Novel Mixed-Mode Phase Transition Involving a Composition-Dependent Displacive Component
ABSTRACT Solid-solid displacive, structural phase transformations typically undergo a discrete structural change from a parent to a product phase. Coupling electron microscopy, three-dimensional atom probe, and first-principles computations, we present the first direct evidence of a novel mechanism for a coupled diffusional-displacive transformation in titanium-molybdenum alloys wherein the displacive component in the product phase changes continuously with changing composition. These results have implications for other transformations and cannot be explained by conventional theories.
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ABSTRACT: We performed plane wave-based first principles calculations using the projector augmented wave (PAW) potential under the generalized gradient approximation (GGA) within the density functional theory to study the formation of ordered omega (B82-structured) Zr2Al phase in �-Zr3Al alloy. The transformation involves both replacive and displacive processes. We investigated two possible paths for the transformation where steps involving replacive (diffusive) and displacive processes occur in succession with their sequence of occurrence being different in the two paths. From this study, it was possible to show that the initial chemical ordering facilitates the displacive process leading to the transformation. It was also possible to correlate instability with respect to omega-type displacements in Zr2Al alloy with the number of Zr–Al bonds present in the unit cell. Electronic structure analysis indicated that stronger Zr–Al bonding plays an important role in the formation of chemically ordered omega phase.Philosophical Magazine 11/2012; 92(33):4040. DOI:10.1080/14786435.2012.700420 · 1.43 Impact Factor
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ABSTRACT: The ω transformation and its correlation with elastic properties were investigated in cold-worked Ti–36Nb–2Ta–3Zr–xO mass% alloys with low body-centered cubic (β) phase stability, known as gum metal. Analysis of the temperature dependence of the ω (hexagonal) phase formation using transmission electron microscopy and of the elastic properties of solution-treated and cold-worked alloys using resonant ultrasound spectroscopy revealed that in the solution-treated 0.36% and 0.51% O alloys, the high concentration of oxygen suppressed ω-phase formation from room temperature to a fairly low temperature of ∼13 K. However, the ω phase was formed by cold working at room temperature in the 0.30% and 0.47% O alloys. Importantly, the fraction of the ω phase clearly increased upon cooling, which indicates that the formation of the ω phase is thermodynamically favorable near and below room temperature in the cold-worked 0.30% and 0.47% O alloys. This formation of the ω phase and the low stability of the β phase related to the low electron/atom (e/a) ratio were the dominant factors determining the elastic properties near and below room temperature in the cold-worked Ti–Nb–Ta–Zr–O alloys.Acta Materialia 01/2013; 61(1):139–150. DOI:10.1016/j.actamat.2012.09.041 · 3.94 Impact Factor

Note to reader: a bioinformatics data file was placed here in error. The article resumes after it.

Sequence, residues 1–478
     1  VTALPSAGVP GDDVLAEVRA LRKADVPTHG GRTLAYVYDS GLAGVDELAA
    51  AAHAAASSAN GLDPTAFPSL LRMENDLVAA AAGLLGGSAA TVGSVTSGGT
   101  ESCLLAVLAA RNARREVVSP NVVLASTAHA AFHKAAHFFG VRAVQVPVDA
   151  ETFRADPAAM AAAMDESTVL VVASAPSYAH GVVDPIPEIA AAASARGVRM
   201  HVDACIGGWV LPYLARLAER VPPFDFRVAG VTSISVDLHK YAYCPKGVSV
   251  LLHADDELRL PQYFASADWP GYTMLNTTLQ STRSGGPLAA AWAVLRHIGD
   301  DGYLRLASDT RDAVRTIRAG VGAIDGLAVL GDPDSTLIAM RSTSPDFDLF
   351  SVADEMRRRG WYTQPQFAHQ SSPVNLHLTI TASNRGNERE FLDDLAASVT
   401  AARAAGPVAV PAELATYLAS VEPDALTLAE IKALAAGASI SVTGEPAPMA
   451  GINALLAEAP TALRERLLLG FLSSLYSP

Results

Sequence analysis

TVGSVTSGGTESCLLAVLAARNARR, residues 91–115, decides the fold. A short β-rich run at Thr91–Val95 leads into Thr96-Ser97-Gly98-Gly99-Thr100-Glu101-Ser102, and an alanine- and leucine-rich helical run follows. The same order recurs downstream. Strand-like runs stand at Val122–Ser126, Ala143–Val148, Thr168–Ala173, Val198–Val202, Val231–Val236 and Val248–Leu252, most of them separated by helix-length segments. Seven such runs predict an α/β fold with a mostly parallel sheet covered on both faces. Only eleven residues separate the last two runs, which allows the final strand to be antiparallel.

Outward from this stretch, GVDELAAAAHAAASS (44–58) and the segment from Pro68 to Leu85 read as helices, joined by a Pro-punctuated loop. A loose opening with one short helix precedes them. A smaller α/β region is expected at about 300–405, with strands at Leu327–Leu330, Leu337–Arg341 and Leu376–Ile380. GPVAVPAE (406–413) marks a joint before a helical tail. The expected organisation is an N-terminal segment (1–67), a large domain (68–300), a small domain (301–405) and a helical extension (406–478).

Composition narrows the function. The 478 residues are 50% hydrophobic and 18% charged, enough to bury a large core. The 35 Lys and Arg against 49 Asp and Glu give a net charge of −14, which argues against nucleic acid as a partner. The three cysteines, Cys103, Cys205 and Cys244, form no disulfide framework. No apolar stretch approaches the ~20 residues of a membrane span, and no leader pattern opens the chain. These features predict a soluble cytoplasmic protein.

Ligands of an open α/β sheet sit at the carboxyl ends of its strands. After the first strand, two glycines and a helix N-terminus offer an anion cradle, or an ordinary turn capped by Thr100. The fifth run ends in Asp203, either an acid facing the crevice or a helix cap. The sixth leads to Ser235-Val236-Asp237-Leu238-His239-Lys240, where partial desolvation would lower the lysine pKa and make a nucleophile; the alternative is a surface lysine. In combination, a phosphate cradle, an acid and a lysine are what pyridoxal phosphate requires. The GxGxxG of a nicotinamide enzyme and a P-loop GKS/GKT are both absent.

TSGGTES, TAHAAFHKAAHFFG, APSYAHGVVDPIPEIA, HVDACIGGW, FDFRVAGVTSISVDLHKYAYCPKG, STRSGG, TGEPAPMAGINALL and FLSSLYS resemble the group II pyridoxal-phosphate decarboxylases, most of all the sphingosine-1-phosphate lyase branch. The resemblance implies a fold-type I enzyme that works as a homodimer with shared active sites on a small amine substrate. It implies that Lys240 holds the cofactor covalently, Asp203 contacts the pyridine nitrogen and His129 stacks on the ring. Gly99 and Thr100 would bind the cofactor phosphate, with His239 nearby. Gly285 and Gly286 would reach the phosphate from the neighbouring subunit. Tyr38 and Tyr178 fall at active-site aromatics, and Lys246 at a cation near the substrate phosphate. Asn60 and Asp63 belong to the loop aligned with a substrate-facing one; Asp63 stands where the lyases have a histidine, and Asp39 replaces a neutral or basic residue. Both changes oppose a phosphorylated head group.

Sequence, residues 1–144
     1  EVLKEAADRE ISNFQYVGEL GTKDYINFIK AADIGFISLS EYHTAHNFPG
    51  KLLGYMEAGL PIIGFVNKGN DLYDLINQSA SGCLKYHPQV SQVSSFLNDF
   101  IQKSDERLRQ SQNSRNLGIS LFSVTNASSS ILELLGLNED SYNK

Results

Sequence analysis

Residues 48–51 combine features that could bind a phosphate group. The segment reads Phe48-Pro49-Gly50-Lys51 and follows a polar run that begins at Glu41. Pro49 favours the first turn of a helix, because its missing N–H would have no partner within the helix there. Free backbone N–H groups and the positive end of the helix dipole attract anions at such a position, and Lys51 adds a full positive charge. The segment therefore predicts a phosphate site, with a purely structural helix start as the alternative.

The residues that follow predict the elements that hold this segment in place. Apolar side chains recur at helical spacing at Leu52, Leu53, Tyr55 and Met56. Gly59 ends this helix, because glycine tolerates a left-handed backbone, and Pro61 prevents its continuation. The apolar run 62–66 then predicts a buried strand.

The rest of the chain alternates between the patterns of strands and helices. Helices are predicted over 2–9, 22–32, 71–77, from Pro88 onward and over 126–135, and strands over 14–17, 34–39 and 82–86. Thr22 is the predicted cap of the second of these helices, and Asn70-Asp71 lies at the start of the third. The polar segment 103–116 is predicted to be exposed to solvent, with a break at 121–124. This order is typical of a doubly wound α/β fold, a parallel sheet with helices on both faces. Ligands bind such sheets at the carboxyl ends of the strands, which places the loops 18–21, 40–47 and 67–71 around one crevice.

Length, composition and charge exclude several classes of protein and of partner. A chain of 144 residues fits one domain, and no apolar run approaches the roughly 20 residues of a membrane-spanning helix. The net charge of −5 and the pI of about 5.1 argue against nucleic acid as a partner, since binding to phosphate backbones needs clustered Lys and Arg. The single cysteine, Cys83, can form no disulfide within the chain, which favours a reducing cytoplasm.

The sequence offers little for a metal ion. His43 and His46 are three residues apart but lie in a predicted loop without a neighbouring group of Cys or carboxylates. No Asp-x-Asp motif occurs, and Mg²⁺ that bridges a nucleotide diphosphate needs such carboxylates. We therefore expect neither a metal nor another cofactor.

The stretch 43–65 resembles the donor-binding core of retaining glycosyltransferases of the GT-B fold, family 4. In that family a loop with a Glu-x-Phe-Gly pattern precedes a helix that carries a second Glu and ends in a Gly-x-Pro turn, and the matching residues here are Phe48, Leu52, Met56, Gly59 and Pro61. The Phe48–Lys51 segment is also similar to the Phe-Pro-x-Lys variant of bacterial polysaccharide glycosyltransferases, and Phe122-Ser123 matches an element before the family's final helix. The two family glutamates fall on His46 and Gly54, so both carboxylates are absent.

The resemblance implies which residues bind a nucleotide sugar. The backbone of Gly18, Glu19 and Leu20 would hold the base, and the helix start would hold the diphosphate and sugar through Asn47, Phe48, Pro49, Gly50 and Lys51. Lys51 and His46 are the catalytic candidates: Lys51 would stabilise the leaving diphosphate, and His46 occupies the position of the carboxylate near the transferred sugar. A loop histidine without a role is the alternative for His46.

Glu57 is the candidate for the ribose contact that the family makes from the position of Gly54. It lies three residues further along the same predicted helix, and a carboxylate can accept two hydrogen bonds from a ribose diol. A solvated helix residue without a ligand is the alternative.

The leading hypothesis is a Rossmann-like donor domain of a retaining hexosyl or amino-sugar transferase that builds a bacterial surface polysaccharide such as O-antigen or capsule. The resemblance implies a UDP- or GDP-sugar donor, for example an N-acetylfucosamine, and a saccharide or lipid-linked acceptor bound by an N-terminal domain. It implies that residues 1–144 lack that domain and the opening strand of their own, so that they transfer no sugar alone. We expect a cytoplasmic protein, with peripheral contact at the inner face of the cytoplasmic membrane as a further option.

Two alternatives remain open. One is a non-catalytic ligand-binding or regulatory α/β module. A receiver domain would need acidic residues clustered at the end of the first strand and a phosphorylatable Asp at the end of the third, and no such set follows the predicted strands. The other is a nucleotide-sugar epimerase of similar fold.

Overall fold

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ABSTRACT: Aiming at understanding the governing microstructural phenomena during heat treatments of Ni-free Ti-based shape memory materials for biomedical applications, a series of Ti-Nb alloys with Nb concentrations up to 29 wt% was produced by cold-crucible casting, followed by homogenization treatment and water quenching. Despite the large amount of literature available concerning the thermal stability and ageing behavior of Ti-Nb alloys, only few studies were performed dealing with the isochronal transformation behavior of initially martensitic Ti-Nb alloys. In this work, the formation of martensites (alpha' and alpha '') and their stability under different thermal processing conditions were investigated by a combination of x-ray diffraction, differential scanning calorimetry, dilatometry and electron microscopy. The effect of Nb additions on the structural competition in correlation with stable and metastable phase diagrams was also studied. Alloys with 24 wt% Nb or less undergo a alpha'/alpha '' -> alpha + beta -> beta transformation sequence on heating from room temperature to 1155 K. In alloys containing >24 wt% Nb alpha '' martensitically reverts back to beta(0), which is highly unstable against chemical demixing by formation of isothermal omega(iso). During slow cooling from the single phase beta domain alpha precipitates and only very limited amounts of alpha '' martensite form.Science and Technology of Advanced Materials 10/2013; 14(5):5004-. DOI:10.1088/1468-6996/14/5/055004 · 2.61 Impact Factor